20   Outdoors, Under Cover — How often does this job require working outdoors, under cover (e.g., structure with roof but no walls)?
18   In an Open Vehicle or Equipment — How often does this job require working in an open vehicle or equipment (e.g., tractor)?
17   Electronic Mail — How often do you use electronic mail in this job?
17   Letters and Memos — How often does the job require written letters and memos?
14   Spend Time Keeping or Regaining Balance — How much does this job require keeping or regaining your balance?
13   Spend Time Sitting — How much does this job require sitting?
12   Exposed to Whole Body Vibration — How often does this job require exposure to whole body vibration (e.g., operate a jackhammer)?
11   In an Enclosed Vehicle or Equipment — How often does this job require working in a closed vehicle or equipment (e.g., car)?
10   Public Speaking — How often do you have to perform public speaking in this job?
  Spend Time Climbing Ladders, Scaffolds, or Poles — How much does this job require climbing ladders, scaffolds, or poles?
  Exposed to Disease or Infections — How often does this job require exposure to disease/infections?
  Deal With External Customers — How important is it to work with external customers or the public in this job?
  Deal With Physically Aggressive People — How frequently does this job require the worker to deal with physical aggression of violent individuals?
  Wear Specialized Protective or Safety Equipment such as Breathing Apparatus, Safety Harness, Full Protection Suits, or Radiation Protection — How much does this job require wearing specialized protective or safety equipment such as breathing apparatus, safety harness, full protection suits, or radiation protection?
 Exposed to Radiation — How often does this job require exposure to radiation?

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Job Zone   Save Table (XLS/CSV)

Title Job Zone Two: Some Preparation Needed
Education These occupations usually require a high school diploma.
Related Experience Some previous work-related skill, knowledge, or experience is usually needed. For example, a teller would benefit from experience working directly with the public.
Job Training Employees in these occupations need anywhere from a few months to one year of working with experienced employees. A recognized apprenticeship program may be associated with these occupations.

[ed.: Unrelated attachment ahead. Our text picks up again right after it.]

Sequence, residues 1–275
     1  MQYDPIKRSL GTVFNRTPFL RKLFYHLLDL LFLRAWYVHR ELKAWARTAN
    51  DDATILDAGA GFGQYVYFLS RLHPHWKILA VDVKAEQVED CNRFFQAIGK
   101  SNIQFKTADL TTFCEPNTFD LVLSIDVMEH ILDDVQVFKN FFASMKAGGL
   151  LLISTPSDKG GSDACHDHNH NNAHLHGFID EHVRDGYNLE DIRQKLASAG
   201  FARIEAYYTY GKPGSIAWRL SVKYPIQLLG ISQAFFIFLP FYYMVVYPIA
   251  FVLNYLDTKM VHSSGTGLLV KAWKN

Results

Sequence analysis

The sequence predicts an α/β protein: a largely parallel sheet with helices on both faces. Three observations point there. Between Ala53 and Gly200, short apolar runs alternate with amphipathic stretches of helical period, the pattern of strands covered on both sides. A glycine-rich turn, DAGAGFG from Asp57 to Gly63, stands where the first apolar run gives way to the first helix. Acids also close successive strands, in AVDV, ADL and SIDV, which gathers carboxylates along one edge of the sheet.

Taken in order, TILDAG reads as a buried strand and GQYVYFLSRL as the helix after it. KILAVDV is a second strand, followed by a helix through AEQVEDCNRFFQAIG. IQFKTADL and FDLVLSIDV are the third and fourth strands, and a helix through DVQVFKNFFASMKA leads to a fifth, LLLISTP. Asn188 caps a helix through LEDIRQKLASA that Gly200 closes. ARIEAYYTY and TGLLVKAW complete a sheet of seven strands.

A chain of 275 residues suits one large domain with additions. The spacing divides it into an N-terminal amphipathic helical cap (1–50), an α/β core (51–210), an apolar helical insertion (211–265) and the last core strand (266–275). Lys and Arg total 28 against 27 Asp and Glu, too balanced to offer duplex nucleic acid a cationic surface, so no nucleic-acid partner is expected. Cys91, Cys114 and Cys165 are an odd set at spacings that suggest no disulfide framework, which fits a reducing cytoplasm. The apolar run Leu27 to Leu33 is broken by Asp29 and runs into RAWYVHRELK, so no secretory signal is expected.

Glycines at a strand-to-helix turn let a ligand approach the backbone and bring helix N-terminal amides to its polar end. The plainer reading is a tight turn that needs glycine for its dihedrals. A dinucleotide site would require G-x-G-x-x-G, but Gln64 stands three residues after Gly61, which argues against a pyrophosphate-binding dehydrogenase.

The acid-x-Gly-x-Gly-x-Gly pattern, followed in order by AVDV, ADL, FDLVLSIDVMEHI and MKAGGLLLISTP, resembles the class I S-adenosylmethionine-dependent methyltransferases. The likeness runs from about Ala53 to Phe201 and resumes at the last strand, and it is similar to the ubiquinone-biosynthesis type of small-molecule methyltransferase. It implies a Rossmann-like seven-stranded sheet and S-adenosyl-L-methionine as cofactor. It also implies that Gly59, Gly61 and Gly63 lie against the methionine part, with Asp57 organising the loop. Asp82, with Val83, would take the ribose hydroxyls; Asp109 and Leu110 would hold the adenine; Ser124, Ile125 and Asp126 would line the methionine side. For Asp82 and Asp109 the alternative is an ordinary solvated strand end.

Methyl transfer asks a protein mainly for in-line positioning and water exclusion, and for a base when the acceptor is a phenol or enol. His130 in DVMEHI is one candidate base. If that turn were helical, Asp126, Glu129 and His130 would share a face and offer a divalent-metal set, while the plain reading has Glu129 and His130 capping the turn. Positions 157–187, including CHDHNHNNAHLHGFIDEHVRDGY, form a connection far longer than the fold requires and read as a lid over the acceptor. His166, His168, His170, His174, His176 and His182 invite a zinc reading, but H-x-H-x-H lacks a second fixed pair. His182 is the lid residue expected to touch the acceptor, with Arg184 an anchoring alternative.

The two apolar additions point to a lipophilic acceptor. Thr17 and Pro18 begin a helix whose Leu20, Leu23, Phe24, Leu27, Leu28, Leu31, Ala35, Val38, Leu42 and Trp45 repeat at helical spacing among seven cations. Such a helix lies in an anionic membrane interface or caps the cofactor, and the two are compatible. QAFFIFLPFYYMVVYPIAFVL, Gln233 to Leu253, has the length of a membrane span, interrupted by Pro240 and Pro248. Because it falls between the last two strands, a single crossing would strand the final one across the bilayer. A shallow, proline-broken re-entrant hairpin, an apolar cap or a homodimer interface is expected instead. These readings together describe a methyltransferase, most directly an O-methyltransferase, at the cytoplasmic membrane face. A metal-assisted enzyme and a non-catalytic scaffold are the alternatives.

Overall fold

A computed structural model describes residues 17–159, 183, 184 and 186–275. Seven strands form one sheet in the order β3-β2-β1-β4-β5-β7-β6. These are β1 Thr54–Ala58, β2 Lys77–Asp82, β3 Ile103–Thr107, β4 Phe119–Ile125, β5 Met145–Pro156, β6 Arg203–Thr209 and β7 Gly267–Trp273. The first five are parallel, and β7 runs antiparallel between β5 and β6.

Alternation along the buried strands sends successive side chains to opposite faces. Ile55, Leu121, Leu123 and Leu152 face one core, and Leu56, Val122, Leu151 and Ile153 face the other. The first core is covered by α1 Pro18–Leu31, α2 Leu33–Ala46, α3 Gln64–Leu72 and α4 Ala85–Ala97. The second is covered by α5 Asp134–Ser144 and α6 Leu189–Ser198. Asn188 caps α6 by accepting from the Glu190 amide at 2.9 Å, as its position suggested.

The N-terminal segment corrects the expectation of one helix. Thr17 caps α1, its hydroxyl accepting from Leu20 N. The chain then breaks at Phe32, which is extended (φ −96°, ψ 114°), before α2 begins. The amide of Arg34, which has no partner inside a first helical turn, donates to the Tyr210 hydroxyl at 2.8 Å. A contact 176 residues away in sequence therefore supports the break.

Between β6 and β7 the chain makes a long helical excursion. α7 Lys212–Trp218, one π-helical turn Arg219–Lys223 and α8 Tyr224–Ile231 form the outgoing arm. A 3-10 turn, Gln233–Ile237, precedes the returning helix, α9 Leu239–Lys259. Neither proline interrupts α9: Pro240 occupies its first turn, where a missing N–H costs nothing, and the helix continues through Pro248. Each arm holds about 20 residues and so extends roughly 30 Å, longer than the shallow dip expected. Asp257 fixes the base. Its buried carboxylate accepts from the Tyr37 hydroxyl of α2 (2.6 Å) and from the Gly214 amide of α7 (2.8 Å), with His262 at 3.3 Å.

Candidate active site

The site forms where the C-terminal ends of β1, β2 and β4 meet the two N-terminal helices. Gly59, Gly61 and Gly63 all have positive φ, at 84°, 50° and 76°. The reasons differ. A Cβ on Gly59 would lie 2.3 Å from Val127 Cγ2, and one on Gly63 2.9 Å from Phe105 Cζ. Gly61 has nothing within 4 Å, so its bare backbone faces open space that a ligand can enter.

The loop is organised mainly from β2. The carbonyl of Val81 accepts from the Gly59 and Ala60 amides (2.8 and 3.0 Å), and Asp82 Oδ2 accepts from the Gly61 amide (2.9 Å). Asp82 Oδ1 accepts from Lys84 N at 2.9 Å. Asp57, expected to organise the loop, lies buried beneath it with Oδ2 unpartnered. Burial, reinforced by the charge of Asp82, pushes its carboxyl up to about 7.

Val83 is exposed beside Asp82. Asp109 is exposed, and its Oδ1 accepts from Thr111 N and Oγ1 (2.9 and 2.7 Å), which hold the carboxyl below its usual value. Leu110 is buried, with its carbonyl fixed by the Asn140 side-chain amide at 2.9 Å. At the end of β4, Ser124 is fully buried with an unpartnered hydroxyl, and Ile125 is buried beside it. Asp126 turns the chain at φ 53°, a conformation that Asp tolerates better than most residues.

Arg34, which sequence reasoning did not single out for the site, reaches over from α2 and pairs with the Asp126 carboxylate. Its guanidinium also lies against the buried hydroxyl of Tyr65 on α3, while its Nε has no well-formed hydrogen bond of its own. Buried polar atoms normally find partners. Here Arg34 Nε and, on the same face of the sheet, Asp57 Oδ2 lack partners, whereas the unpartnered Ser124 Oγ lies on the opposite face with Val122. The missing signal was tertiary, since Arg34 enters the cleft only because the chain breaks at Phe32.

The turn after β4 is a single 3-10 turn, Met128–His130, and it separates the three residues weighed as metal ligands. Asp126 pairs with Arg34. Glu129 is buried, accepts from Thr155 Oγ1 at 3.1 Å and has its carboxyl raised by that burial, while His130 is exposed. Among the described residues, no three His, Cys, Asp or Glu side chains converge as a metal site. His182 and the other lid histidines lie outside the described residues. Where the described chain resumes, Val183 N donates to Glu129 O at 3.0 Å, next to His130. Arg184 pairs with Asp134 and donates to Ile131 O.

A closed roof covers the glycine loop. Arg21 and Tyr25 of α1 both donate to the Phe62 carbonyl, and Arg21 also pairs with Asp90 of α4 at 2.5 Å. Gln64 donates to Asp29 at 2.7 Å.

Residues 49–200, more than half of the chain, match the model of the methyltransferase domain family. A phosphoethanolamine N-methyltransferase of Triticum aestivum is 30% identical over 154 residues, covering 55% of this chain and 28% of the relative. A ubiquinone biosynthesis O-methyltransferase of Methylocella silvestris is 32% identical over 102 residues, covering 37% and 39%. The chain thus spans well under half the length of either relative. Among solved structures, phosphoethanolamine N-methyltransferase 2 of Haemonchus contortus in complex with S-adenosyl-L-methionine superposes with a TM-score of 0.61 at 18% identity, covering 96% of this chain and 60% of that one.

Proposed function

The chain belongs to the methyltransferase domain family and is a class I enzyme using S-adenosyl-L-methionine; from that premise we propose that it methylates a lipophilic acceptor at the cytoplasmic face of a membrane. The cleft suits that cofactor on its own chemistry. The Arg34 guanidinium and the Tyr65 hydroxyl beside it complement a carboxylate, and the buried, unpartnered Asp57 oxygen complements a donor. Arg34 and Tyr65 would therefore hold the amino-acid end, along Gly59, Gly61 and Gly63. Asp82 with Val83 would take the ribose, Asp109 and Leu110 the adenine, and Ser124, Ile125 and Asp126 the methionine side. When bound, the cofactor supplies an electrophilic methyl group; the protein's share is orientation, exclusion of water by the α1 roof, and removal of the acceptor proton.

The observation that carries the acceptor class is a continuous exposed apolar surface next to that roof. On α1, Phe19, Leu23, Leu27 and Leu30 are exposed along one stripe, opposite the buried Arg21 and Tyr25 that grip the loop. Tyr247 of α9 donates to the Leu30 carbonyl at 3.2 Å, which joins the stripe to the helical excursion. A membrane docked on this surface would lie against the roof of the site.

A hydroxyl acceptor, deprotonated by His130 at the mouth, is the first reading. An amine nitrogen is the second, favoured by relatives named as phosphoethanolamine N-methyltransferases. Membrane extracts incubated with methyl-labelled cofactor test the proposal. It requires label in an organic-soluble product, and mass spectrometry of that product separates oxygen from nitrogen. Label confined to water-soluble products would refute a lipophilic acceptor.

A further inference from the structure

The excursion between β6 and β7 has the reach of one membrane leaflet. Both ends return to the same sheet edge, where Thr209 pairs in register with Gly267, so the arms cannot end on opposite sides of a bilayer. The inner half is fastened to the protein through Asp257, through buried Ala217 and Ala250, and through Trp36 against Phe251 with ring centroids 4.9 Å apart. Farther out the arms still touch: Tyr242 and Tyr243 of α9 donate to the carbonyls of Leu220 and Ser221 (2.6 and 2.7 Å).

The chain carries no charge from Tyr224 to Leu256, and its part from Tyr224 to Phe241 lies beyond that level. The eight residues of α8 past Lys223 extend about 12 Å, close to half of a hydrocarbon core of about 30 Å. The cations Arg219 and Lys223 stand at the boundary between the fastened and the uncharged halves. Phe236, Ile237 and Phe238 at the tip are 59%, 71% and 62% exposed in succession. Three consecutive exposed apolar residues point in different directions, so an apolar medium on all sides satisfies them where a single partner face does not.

Job Zone Examples These occupations often involve using your knowledge and skills to help others. Examples include sheet metal workers, forest fire fighters, customer service representatives, physical therapist aides, salespersons (retail), and tellers.
SVP Range (4.0 to < 6.0)

There are 2 recognized apprenticeable specialties associated with this occupation:
Head Sawyer; Pony Edger

To learn about specific apprenticeship opportunities, please consult the U.S. Department of Labor State Apprenticeship Information external site website.

For general information about apprenticeships, training, and partnerships with business, visit the U.S. Department of Labor Office of Apprenticeship external site website.

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Education


Percentage of Respondents
Education Level Required
59   High school diploma or equivalent Help
22   Less than high school diploma
10   Post-secondary certificate Help

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Interests   Save Table (XLS/CSV)


Occupational Interest
Interest
100   Realistic — Realistic occupations frequently involve work activities that include practical, hands-on problems and solutions. They often deal with plants, animals, and real-world materials like wood, tools, and machinery. Many of the occupations require working outside, and do not involve a lot of paperwork or working closely with others.
67   Conventional — Conventional occupations frequently involve following set procedures and routines. These occupations can include working with data and details more than with ideas. Usually there is a clear line of authority to follow.
39   Investigative — Investigative occupations frequently involve working with ideas, and require an extensive amount of thinking. These occupations can involve searching for facts and figuring out problems mentally.
11   Artistic — Artistic occupations frequently involve working with forms, designs and patterns. They often require self-expression and the work can be done without following a clear set of rules.
 Enterprising — Enterprising occupations frequently involve starting up and carrying out projects. These occupations can involve leading people and making many decisions. Sometimes they require risk taking and often deal with business.
 Social — Social occupations frequently involve working with, communicating with, and teaching people. These occupations often involve helping or providing service to others.

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Work Styles   Save Table (XLS/CSV)


Importance
Work Style
83   Attention to Detail — Job requires being careful about detail and thorough in completing work tasks.
82   Dependability — Job requires being reliable, responsible, and dependable, and fulfilling obligations.